PEA Palmitoylethanolamide

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  • For chronic pain relief
  • Offers a natural source of PEA from non-GMO safflower oil
  • Micronized for improved bioavailability
  • Provides 400 mg PEA in each capsule, allowing for easy and clinically relevant dosing
  • Suitable for vegetarians and vegans

Feature Summary

Palmitoylethanolamide (PEA) is an endogenously produced lipid that mediates the resolution of neuroinflammation and clinically reduces pain from a variety of sources.1,2,3 PEA is a type of fatty acid ethanolamine produced in microglia and mast cells, where it downregulates the activation of both cell types; levels of PEA are increased in brain areas involved in nociception, and appear to modulate protective responses to both inflammation and pain.4 Its effects are mediated via direct activation of PPAR-a and GPR55 receptors, and potentially by indirect activation of CB1 and CB2 receptors and the TRPV1 channel (i.e., the capsaicin receptor).5,6

In clinical trials, PEA has been shown to reduce pain levels from a variety of chronic conditions (of at least 6 months duration) where pain was not controlled by standard therapies, demonstrating effectiveness both alone and when combined with standard treatments.7 PEA has been shown to be efficacious for pain resulting from nerve compression syndromes, including sciatica and carpal tunnel syndrome.8 Randomized trials have also shown benefit for pain control for specific conditions, including TMJ,9 as well as for depressive symptoms in major depressive disorder when used in conjunction with antidepressants.10 In addition, PEA has been shown to improve endothelial function and reduce intraocular pressure among patients with ocular hypertension.11,12


Medicinal Ingredients

Each Capsule Contains:
Palmitoylethanolamide (PEA) 400 mg
PEA (palmitoylethanolamide) is a fatty-acid-like compound which is extracted from non-GMO safflower oil. Micronized for improved solubility and absorption.

Non-Medicinal Ingredients

Vegetarian capsule (carbohydrate gum [cellulose], purified water), microcrystalline cellulose, vegetable grade magnesium stearate (lubricant), silica, stearic acid.


Contains no artificial colours, preservatives, or sweeteners; no dairy, starch, sugar, wheat, gluten, yeast, soy, corn, egg, fish, shellfish, animal products, salt, tree nuts, or GMOs. Suitable for vegetarians/vegans.

Recommended Use:

Recommended Adult Dose: 1 capsule 1–3 times per day or as directed by a health care practitioner.


No known contraindications exist, though safety during pregnancy and lactation has not been established.13

Drug Interactions

Currently there are no known drug interactions; PEA has been used in clinical trials as a stand-alone analgesic, as well as in conjunction with citalopram, pregabalin, gabapentin, amitriptyline, oxycodone, and duloxetine.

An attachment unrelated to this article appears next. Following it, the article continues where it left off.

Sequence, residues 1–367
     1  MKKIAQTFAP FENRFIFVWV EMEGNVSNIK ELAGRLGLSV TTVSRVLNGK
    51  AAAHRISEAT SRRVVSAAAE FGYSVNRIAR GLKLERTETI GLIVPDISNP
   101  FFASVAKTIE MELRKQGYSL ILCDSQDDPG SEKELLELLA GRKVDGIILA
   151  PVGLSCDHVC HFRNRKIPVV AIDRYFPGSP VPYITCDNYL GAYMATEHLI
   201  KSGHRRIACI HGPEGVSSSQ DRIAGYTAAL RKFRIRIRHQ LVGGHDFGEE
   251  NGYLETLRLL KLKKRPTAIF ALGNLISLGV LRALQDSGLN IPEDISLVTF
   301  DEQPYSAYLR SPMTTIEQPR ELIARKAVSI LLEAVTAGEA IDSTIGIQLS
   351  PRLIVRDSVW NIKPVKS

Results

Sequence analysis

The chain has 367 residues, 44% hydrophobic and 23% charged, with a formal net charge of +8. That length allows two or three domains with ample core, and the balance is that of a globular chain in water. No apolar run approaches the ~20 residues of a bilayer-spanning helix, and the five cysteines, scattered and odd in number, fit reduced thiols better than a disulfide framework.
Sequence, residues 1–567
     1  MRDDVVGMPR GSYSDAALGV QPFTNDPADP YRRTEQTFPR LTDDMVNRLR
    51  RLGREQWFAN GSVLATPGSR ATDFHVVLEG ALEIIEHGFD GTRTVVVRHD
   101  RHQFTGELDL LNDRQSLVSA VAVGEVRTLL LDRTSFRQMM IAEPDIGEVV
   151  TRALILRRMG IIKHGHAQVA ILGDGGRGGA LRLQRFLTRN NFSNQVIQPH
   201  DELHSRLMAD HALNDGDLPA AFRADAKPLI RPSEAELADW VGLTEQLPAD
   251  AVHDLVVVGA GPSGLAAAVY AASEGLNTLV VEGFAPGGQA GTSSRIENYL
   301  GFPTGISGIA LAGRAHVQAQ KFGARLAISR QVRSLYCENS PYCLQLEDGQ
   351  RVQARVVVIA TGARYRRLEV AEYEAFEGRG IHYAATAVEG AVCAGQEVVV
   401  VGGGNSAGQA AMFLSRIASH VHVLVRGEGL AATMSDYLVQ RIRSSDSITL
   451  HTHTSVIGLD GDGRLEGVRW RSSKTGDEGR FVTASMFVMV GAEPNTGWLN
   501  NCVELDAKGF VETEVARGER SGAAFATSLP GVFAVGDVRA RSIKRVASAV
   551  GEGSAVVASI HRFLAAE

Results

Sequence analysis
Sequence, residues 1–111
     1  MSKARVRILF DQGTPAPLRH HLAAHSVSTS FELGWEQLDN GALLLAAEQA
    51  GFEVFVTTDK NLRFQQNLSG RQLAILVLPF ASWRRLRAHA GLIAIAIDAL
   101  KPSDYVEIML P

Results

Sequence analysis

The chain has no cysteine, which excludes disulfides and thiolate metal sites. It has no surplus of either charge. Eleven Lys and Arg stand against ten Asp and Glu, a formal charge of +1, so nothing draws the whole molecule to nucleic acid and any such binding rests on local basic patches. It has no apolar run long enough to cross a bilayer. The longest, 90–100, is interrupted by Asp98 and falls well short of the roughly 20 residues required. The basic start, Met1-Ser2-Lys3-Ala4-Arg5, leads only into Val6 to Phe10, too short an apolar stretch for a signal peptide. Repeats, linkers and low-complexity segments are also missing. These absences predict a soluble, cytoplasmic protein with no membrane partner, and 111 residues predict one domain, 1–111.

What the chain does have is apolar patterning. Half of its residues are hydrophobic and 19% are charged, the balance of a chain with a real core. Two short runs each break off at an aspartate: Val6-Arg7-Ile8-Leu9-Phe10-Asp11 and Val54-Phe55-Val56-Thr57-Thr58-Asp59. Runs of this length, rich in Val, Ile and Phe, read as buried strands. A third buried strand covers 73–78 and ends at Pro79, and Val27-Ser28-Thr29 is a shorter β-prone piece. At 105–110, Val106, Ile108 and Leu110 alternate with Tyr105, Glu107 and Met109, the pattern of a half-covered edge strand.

1. Skaper, S.D., Facci, L., Barbierato, M., et al. (2015). N-Palmitoylethanolamine and neuroinflammation: a novel therapeutic strategy of resolution. Molecular Neurobiology, 52(2),1034–1042. PMID: 26055231
  2. Artukoglu, B.B., Beyer, C., Zuloff-Shani, A., et al. (2017). Efficacy of palmitoylethanolamide for pain: a meta-analysis. Pain Physician, 20(5), 353–362. PMID: 28727699
  3. Paladini, A., Fusco, M., Cenacchi, T., et al. (2016). Palmitoylethanolamide, a special food for medical purposes, in the treatment of chronic pain: a pooled data meta-analysis. Pain Physician, 19(2), 11–24. PMID: 26815246
  4. Skaper, S.D., Facci, L., et al. (2012). Mast cell-glia axis in neuroinflammation and therapeutic potential of the anandamide congener palmitoylethanolamide. Philosophical Transactions of the Royal Society of London Series B, Biological Sciences, 367(1607), 3312–3325. PMID: 23108549
  5. Rinne, P., Guillamat-Prats, R., Rami, M., et al. (2018). Palmitoylethanolamide promotes a proresolving macrophage phenotype and attenuates atherosclerotic plaque formation. Arteriosclerosis, Thrombosis, and Vascular Biology, 38(11), 2562–2575. PMID: 30354245
  6. Petrosino, S.&Di Marzo, V. (2017). The pharmacology of palmitoylethanolamide and first data on the therapeutic efficacy of some of its new formulations. British Journal of Pharmacology, 174(11), 1349–1365. PMID: 27539936
  7. Gatti, A., Lazzari, M., et al. (2012). Palmitoylethanolamide in the treatment of chronic pain caused by different etiopathogenesis. Pain Medicine, 13(9), 1121–1130. PMID: 22845893
  8. Keppel Hesselink, J.M. &Kopsky, D.J. (2015). Palmitoylethanolamide, a neutraceutical, in nerve compression syndromes: efficacy and safety in sciatic pain and carpal tunnel syndrome. Journal of Pain Research, 8, 729–734. PMID: 26604814
  9. Marini, I., Bartolucci, M.L., et al. (2012). Palmitoylethanolamide versus a nonsteroidal anti-inflammatory drug in the treatment of temporomandibular joint inflammatory pain. Journal of Orofacial Pain, 26(2), 99–104. PMID: 22558609
  10. Ghazizadeh-Hashemi, M., Ghajar, A., et al. (2018). Palmitoylethanolamide as adjunctive therapy in major depressive disorder: A double-blind, randomized and placebo-controlled trial. Journal of Affective Disorders, 232, 127–133. PMID: 29486338
  11. Strobbe, E., Cellini, M., &Campos, E.C. (2013). Effectiveness of palmitoylethanolamide on endothelial dysfunction in ocular hypertensive patients: a randomized, placebo-controlled cross-over study. Investigative Ophthalmology &Vision Science, 54(2), 968–973. PMID: 23307959
  12. Gagliano, C., Ortisi, E., Pulvirenti, L., et al. (2011). Ocular hypotensive effect of oral palmitoyl-ethanolamide: a clinical trial. Investigative Ophthalmology &Vision Science, 52(9), 6096–6100. PMID: 21705689
  13. Nestmann, E.R. (2016). Safety of micronized palmitoylethanolamide (microPEA): lack of toxicity and genotoxic potential. Food Science Nutrition, 5(2), 292–309. PMID: 28265364